The U.S. military says that it is “updating its contingency plans for a possible regime collapse in North Korea,” and ordering “detailed planning” for “a rapidly changing situation that would require stabilization of the peninsula,” but not all of the plans are so passive. Robert Beckhusen points to this fascinating article in “Special Warfare,” a publication of the U.S. Army Special Operations Command, about last year’s joint “Balance Knife 13-1” exercise, between U.S. and ROK Special Forces, which tested their readiness to act “if tasked to conduct unconventional warfare in the Korean Theater of Operations.” And by “unconventional warfare,” the Army means “activities conducted to enable a resistance movement or insurgency to coerce, disrupt overthrow an occupying power or government by operating through or with an underground, auxiliary and guerrilla force in a denied area.
The exercise included “a reassessment of infiltration methods and the various risks the [Korean Theater of Operations] poses to each,” and examined such practical problems as evacuating wounded, traveling in mountainous terrain, finding food in a starving country, and communicating without a communications infrastructure. It also discussed the tactical and logistical challenges of supporting an insurgency inside North Korea. A small sample:
Many ROKSF soldiers still have family in the north that they may or may not maintain contact with. These divided families provide strong relationships that transcend NK ideology and can serve as a foundation for the development of a loyal resistance organization.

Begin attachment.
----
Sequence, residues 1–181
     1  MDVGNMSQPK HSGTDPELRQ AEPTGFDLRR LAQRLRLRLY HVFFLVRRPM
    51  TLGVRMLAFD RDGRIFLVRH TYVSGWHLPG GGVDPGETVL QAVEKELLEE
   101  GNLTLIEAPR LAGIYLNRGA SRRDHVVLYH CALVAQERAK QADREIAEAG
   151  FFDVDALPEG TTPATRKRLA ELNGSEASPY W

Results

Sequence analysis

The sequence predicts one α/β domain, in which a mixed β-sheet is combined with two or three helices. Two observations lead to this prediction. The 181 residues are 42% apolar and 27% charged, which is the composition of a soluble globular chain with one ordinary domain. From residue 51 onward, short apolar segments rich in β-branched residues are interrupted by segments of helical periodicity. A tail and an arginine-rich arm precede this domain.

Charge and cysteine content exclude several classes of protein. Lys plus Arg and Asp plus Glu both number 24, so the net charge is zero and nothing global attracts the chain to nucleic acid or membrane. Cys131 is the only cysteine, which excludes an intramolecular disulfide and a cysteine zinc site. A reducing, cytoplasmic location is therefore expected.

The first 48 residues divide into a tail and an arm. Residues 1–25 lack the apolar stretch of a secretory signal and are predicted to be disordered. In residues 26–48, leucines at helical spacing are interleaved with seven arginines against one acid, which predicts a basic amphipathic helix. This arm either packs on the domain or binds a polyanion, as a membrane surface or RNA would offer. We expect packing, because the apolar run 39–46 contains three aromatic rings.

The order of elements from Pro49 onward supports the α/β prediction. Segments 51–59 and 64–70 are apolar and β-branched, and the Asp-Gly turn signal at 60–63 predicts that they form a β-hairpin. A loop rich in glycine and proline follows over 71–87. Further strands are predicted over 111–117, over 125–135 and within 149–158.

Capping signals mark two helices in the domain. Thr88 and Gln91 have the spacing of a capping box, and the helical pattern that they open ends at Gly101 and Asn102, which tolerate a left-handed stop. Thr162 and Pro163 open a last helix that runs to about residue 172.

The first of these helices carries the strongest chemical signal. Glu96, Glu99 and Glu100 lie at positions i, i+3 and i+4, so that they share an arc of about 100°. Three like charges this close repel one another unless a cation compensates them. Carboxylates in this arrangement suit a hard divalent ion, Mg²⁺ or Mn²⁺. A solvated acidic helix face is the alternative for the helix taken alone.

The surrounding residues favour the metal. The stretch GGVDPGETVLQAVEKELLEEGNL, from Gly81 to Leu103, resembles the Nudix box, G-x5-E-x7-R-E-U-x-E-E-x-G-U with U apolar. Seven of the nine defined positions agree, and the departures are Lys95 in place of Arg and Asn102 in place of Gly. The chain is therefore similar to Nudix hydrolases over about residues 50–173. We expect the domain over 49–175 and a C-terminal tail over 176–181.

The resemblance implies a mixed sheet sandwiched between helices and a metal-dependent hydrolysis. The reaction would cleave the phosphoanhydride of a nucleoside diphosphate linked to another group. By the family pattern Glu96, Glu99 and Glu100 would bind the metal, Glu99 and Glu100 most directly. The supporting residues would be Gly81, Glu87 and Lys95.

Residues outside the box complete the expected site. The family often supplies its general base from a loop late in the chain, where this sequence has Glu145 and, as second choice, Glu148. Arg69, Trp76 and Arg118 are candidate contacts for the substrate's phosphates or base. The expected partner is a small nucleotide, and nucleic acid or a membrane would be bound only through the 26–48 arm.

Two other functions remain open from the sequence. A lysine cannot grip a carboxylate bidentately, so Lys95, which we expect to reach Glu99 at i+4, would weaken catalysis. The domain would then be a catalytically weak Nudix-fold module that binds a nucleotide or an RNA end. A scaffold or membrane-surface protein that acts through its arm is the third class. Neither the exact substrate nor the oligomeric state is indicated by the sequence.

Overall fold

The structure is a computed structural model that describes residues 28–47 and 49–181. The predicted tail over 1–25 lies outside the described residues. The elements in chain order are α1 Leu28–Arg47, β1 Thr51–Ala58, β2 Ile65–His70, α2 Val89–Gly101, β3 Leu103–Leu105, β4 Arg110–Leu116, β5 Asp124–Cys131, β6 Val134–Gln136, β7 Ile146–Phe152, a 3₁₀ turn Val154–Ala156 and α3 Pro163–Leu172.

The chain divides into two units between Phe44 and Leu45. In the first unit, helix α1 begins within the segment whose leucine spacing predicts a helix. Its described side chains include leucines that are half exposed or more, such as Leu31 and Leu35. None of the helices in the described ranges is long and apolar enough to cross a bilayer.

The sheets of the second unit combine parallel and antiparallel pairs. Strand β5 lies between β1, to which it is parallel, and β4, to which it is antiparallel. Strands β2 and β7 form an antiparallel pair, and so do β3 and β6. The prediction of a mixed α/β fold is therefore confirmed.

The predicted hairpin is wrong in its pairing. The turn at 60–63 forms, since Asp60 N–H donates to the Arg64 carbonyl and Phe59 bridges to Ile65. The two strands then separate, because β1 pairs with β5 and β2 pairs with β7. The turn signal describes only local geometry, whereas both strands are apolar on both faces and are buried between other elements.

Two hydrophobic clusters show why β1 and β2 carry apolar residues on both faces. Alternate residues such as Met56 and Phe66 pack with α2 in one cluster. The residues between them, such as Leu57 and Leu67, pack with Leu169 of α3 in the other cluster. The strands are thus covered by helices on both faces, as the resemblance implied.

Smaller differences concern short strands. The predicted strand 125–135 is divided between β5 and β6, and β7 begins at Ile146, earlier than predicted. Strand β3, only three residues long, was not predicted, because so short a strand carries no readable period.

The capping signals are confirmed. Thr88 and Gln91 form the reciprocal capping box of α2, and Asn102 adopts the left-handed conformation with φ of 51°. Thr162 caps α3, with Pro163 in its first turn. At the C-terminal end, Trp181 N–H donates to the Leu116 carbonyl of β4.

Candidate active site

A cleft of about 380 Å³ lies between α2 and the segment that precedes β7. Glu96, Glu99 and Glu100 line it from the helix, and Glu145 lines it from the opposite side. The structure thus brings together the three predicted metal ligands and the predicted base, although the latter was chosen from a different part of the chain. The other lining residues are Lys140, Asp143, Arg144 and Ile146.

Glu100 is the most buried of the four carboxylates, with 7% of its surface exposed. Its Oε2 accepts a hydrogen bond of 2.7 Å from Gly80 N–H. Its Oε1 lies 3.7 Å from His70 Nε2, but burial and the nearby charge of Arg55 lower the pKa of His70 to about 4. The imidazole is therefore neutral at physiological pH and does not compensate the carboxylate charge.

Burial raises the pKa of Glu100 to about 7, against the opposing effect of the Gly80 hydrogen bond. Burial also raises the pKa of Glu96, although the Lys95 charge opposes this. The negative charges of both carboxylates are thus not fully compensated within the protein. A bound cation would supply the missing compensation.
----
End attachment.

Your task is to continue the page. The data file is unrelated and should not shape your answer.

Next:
The Balance Knife exercise was held within the context of the big annual exercise called Foal Eagle, which also stressed readiness for “combined unconventional warfare.” The willingness to acknowledge and talk about supporting a (still hypothetical) North Korean resistance is essential to preparing ourselves to support one, should one emerge. (And when one does emerge, it’s almost certain to emerge suddenly.)
All of this planning and training is still in its infancy. It should be viewed as nothing more than prudent contingency planning for events we can’t anticipate. In other words, U.S. and ROK forces are preparing for what we weren’t prepared for when events in Libya and Syria took us by surprise. In both cases, the length of the conflict was inversely proportional to the quality of the outcome. If there is some low-risk alternative that can influence the outcome of a North Korean civil war, we won’t be able to do it if we haven’t planned and trained for it.
For now, of course, there is no North Korean opposition of real significance, so any discussion of whether and how to support one is entirely speculative. But if you still haven’t read Bruce Bennett’s RAND study of the problems we’ll face when the regime collapses, you’ll understand why we can’t afford to ignore the question. Simply put, South Korea doesn’t have enough manpower to reestablish order in the North. (I’ll add that America may well decline — and probably should decline — to contribute that manpower.) Enabling indigenous forces to resist the regime and reestablish order in “liberated zones” could make the difference whether Korea is re-stabilized under a unified government or becomes a source of chaos and great-power conflict. Continue reading »